Now, is this position given a proper name in Philosophy? Is there an opposite school?
    My wife will avoid arguments because she knows she will sound dumb to herself when trying to think on her feet. She does not like that feeling. Perhaps some people fear measurements the same way. They fear others will use them to imply something that threatens them and they won’t be able to argue against them. After all, real good use of numbers and measurements takes training and discipline and some native intelligence. Not everyone has those. A certainly, as ATTR says, numbers and measurements are used to manipulate people all the time.

    Let’s say someone who is real good at math and manipulations puts a whole numerology thing together to convince someone, numerically, that the world, by Mayan calculations will end in 2012. Now, a somewhat paranoid superstitious person who is weak in math on hearing it decides to cover his ears saying “Nah, nah, nah, nah, nah, I ain’t listening, you can’t measure everything.”

    You see, he is afraid if he listens he will be stuck in very uncomfortable cognitive dissonance, he will probably fall for the numerology but he doesn’t want to start saving up supplies and quit his nice job to join a spaceship to take him away.

    Or imagine someone who was raised by loving Christians, married to a beautiful loyal Christian wife and starts to be shown measurement ways to show false dating in the bible or authorship of his favorite texts. He covers his ears. He knows he does not want to be thrown into cognitive dissonance.

    That is one of my bets on why “they” do it.

  8. Im sure at some level everything can be measured. I would imagine for some people this is very important and for others not so much. This discussion reminds me of a friend of mine and how we play pool(billiards). He is very methodical, he calculates his every shot. The angle, the spin of the ball, right down to the millimeter. If you were to ask him how he does it he could explain it quite succinctly. He is an excellent player and we have great matches. If you were to ask me how I play my game the response is quite different. I would say “I just feel it.” 🙂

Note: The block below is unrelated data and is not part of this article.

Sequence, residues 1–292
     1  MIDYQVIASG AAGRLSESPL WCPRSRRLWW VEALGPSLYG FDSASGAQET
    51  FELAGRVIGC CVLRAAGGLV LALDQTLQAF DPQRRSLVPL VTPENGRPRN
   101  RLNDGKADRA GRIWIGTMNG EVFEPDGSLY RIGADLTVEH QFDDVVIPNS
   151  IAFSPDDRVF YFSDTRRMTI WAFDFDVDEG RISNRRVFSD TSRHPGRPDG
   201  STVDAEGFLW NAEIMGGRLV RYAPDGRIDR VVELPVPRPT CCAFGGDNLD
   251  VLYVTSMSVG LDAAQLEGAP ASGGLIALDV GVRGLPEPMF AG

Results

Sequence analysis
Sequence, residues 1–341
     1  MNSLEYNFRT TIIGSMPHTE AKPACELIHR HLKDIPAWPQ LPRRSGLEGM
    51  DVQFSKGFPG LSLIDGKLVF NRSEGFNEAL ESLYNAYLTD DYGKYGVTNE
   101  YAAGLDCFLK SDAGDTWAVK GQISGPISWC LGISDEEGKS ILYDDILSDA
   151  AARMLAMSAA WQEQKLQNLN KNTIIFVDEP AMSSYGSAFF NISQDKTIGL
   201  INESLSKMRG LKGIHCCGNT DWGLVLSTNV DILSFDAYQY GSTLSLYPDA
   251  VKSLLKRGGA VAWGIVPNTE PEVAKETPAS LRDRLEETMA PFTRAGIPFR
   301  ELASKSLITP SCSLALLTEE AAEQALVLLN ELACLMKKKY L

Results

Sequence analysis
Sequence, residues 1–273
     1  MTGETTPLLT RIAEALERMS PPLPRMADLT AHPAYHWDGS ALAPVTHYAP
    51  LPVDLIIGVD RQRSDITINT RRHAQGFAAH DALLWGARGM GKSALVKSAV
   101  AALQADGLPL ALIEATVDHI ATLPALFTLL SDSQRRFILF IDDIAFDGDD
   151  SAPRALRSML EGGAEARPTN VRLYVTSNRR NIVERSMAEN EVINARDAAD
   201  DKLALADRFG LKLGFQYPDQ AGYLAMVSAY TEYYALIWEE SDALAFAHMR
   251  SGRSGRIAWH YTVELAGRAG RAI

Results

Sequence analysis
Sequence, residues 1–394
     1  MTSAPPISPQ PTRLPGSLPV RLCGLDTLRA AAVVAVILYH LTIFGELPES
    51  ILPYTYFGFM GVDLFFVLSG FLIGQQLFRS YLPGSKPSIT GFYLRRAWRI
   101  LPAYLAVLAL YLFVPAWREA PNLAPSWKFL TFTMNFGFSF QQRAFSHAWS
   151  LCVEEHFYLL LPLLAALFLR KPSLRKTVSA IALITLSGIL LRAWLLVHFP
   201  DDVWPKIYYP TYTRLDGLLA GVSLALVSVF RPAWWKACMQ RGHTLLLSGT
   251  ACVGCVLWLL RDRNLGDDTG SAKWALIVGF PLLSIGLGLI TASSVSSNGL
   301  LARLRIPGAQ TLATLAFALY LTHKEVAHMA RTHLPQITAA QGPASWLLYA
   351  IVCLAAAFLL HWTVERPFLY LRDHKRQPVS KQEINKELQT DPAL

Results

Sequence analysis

9. Ian

    Yeah, sabio and t4t. Lots and lots to think about.

    I’ve seen that very situation play out with climate change, Sabio. Someone who didn’t want to know about the science, because they (rightly) said that the people on both sides of the argument were wielding scientific arguments beyond their understanding and knowledge, therefore they had no hope of deciding which was right.

    T4t – The same thing plays out with language, I think. I know a little bit of a handful of languages. But it is only English that doesn’t take a conscious effort. I know some people learn languages by ‘feeling’ it, repetition particularly. I can’t do that. I have to analyse, explicitly learn the rules, and apply them consciously. I suspect that means that I’m much faster at getting to a very basic level with a new language, but much much slower at becoming fluent (which seems to fit, since I’ve never managed to become fluent at any other language, despite trying).

  10. atimetorend

    Not only can you measure ANYTHING, but it turns out you can formularize it as well:
    http://www.wired.com/magazine/2010/01/pl_arts_found/

  11. I totally get this! What I was trying to say in the argument was not to rely totally on this… nor should we totally rely on the other. you strike me a someone who would take an integrated approach..so would most on your blog and sabio’s. i’m unsure about boz and a few others… but the scientific method is a great one, prolly one of humanity’s best ideas.

    love the name of the blog btw. fantastic!

  12. Ian

    @attr – excellent – I love the sand pile particularly.

    @Luke – cool. Yes I think integrative approaches have to be pursued. The title says it all 🙂 Its been a good comment thread this, moved my thinking along a bit, I think.

    Great to see you here! I was hoping you’d pop in now and then 🙂